Apparently, people in Nebraska are still lining up around the block to see Fahrenheit 9/11. It's as if because of Michael Moore, Middle America's decided that now it's okay to go see films with some weight, rather than the usual sugar water of summer blockbusters. In Portland, of course, we take it for granted that a great film like The Corporation will be screened and applauded. The citizens of the People's Republic of Portland love them some meaty documentaries, and this one will not disappoint.
Not your usual one-sided hatchet job, The Corporation features interviews so extensive and sweeping that you're never quite sure if you should like the person being interviewed, even if they're funny, and affable. But that dichotomy goes to the heart of what the filmmakers are trying to say in The Corporation: corporations--which, by law, are regarded as people--are psychopaths.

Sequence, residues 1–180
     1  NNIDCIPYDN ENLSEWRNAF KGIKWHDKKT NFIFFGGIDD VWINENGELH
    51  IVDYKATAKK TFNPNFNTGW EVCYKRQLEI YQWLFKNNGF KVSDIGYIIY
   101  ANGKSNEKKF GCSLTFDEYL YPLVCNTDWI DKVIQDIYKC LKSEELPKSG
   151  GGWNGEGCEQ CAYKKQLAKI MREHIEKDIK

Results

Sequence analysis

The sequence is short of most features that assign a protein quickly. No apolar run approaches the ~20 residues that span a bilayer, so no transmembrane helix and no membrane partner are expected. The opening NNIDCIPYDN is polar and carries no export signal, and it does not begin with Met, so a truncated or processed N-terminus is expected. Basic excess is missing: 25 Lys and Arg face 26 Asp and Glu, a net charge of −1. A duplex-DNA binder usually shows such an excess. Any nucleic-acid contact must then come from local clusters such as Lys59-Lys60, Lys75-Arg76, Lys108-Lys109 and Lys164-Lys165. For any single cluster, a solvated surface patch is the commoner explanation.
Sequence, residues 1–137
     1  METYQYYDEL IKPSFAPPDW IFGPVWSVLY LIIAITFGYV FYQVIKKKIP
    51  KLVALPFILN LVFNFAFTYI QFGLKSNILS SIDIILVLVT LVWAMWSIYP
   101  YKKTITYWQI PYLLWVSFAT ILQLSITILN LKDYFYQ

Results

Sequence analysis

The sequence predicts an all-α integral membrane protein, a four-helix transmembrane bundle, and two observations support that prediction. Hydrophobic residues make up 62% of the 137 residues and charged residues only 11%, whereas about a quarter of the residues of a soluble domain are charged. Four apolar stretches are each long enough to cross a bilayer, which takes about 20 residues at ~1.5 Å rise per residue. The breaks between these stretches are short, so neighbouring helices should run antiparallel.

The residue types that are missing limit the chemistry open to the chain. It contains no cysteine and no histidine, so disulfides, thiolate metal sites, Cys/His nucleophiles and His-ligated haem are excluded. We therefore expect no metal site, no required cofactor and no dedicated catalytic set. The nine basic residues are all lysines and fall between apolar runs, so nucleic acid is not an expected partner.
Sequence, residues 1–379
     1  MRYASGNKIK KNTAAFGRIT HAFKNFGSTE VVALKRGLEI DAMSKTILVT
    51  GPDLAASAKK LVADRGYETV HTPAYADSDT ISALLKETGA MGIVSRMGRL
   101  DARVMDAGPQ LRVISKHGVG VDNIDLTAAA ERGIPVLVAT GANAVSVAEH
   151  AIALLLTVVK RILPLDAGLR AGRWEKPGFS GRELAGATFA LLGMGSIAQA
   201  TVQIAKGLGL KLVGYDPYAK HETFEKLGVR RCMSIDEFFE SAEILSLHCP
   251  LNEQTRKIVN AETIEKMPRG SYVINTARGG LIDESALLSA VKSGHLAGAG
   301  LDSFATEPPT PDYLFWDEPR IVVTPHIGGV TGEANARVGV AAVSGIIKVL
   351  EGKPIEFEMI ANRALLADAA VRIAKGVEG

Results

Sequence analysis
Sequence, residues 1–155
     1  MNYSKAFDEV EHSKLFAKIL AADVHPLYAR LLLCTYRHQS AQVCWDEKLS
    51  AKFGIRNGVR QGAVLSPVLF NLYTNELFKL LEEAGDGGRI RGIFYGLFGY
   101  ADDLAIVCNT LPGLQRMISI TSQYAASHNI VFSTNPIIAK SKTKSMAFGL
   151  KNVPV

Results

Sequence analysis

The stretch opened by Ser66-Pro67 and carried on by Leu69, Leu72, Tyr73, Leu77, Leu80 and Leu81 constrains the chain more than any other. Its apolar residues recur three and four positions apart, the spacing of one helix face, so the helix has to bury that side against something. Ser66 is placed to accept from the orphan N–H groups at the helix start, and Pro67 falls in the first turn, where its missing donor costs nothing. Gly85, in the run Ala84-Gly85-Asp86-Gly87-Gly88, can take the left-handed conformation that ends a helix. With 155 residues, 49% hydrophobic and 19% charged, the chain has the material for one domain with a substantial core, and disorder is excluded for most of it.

Employing the criteria of the World Health Organization and the psychiatrists' and psychologists' revered Diagnostic and Statistical Manual for Mental Disorders, the filmmakers present a checklist of psychopathological behavior, then apply those criteria to corporations. Backing up each claim with interviews from inside and outside the corporate world, the filmmakers proceed to check symptom after symptom off of their list. The filmmakers present it all logically and soundly, letting the people from within the corporations and those who monitor them tell their own stories, then arranging the interviews in a way that builds tension--and even a bit of pathos for the corporate folk we are supposed to hate.
As a case study for the pathology of the corporation, the film differs from that other big documentary that people in Nebraska are still lining up for. While Moore's tendency to paint people as either bad or good undermines any interaction with the audience, The Corporation, like a good trial lawyer, simply and confidently presents its case, leaving the verdict in the hands of the jury.